What are the most common mistakes in early stage pitches?

David Wu / November, 2017

Description

David Wu, General Partner at Maveron explains the mistakes you don’t want to make in a pitch when raising early stage funding.

Video Transcript

What are the most common mistakes in early stage pitches?

One of the biggest mistakes I see in early stage pitches is a lot of first-time entrepreneurs like to err on the side of being incredibly comprehensive in a pitch, and I think of it much more like a business plan. I actually advise completely the other way around in that a pitch is much more like a combination of a conversation in a movie trailer. Keep in mind, especially as you move down the stack, from people that are very casual investors to professional investors.

Professional investors are seeing sometimes 5-10 investments per day and so the real question is: as they’re narrowing down the funnel and they are going to bed that night, what’s that one meeting they had that they can’t stop thinking about it, and that perked their interest. I often go through decks with entrepreneurs and cut 90% of the material and when the goal is what’s going to perk someone’s interest and make some begging to ask more questions and be memorable, rather than do I understand the inside and out this business, the pitch comes across really really different. So I think that’s the biggest mistake I see people make is not thinking about my goal is to interest you, not to tell the entire story.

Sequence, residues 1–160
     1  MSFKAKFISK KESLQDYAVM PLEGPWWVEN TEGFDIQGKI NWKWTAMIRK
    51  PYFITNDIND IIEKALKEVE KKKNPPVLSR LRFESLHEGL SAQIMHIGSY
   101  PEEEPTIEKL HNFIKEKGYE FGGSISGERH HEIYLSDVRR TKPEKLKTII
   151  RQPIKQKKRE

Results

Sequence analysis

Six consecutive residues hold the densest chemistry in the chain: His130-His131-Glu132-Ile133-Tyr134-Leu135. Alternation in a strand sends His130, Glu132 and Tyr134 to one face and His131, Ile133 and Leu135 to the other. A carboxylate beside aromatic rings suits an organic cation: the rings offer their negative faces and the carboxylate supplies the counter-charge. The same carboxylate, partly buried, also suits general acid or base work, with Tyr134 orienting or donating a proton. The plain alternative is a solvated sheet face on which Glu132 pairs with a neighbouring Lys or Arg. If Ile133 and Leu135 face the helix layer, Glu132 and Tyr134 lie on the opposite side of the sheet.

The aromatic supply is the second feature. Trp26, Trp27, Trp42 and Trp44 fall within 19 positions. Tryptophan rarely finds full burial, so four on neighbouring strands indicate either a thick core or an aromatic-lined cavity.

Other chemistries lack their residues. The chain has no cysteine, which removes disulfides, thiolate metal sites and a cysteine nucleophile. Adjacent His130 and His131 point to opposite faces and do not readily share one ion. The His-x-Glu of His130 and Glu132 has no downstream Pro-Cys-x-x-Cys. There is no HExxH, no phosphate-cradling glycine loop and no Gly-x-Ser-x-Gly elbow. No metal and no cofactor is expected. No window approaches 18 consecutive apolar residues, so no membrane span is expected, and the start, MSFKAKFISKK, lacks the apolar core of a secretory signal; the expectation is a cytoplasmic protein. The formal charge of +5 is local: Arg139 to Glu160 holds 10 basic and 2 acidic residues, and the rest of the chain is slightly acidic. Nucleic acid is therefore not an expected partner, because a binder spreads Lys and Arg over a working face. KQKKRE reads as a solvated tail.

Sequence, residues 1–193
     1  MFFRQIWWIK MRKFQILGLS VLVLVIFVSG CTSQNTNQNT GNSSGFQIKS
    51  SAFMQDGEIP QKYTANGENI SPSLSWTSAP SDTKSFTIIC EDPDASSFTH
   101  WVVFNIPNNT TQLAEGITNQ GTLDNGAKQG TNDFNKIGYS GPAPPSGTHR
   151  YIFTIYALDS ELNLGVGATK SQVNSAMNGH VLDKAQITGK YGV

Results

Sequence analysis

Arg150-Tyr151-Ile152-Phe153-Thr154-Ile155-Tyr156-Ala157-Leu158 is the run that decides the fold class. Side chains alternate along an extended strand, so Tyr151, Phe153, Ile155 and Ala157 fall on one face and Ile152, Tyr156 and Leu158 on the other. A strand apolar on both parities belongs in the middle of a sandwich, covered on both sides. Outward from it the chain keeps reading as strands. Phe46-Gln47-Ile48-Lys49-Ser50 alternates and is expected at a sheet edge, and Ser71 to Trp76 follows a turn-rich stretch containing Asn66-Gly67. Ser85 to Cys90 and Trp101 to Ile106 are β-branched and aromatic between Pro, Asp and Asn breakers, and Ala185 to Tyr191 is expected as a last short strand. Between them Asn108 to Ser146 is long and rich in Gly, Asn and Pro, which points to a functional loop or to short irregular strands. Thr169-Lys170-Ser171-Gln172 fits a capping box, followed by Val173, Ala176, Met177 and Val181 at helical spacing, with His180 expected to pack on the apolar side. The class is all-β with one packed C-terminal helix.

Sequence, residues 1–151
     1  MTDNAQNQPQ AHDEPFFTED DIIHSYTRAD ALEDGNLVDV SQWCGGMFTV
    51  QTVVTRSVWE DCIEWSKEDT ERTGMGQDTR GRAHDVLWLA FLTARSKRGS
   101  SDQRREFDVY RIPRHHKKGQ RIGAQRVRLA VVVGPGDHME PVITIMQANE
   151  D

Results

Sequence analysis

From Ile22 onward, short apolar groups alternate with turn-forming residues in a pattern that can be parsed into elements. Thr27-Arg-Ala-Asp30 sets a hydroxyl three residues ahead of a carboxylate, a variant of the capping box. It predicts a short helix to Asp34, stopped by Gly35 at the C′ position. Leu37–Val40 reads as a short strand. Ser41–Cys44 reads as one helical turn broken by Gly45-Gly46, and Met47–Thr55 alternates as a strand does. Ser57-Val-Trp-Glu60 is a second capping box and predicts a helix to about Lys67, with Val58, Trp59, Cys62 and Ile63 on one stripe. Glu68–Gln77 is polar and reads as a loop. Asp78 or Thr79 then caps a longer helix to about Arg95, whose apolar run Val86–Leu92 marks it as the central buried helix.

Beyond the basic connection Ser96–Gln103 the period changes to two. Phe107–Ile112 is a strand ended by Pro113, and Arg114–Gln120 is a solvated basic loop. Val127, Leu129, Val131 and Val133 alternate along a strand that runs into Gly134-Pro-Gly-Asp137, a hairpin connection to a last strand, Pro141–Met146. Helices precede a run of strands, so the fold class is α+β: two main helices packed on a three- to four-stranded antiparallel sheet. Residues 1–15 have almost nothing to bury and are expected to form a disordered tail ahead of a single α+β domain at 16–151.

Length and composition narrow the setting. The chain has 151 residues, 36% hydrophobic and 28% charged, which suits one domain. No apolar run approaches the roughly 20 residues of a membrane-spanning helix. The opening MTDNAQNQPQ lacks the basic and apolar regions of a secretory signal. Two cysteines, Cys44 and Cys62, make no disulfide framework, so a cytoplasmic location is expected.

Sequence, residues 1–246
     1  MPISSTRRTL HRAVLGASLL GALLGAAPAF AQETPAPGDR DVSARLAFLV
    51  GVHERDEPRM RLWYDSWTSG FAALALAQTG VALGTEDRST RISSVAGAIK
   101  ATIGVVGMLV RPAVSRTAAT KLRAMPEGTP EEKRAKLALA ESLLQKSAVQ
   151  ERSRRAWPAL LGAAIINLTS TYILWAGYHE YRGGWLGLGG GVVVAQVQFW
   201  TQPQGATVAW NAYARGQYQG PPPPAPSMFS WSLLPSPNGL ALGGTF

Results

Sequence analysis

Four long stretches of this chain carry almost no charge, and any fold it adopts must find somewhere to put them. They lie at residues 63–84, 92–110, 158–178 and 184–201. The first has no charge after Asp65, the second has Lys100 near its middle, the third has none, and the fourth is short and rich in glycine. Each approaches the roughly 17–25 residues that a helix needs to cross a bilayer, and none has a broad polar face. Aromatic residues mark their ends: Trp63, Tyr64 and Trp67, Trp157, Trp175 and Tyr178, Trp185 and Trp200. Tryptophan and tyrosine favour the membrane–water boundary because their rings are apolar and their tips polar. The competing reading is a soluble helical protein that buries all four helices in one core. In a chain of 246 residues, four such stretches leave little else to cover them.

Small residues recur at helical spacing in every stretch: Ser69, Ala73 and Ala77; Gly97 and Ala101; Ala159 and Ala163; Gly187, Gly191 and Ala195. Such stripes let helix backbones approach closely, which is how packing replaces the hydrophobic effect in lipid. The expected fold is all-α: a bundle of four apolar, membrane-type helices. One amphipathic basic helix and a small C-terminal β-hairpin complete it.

If I look at a lot of first-time decks and has to iterate through, the biggest changes that I generally see myself recommending is one, keeping the elevation really high. There are three main things you need to communicate; is this real and does it work. The second one is does this matter, is this an important thing? The third one is can you win? A lot of the first couples of slides, I generally take 40 slides and take them down to 12, maybe 13 slides. It’s really about is this a problem that you can relate to and do you understand the problem? Do you have a unique solution? Is your team having a strategic advantage to why this is the right team to solve that problem and this is an important thing?

The rest of the details, we often pull them out and stick them to the appendix. Even the financial information at the early stages is really just an excel exercise and so a lot of those details, unless you actually have real early momentum traction are just numbers. Move the details to the back and then the appendix will pull them out completely.

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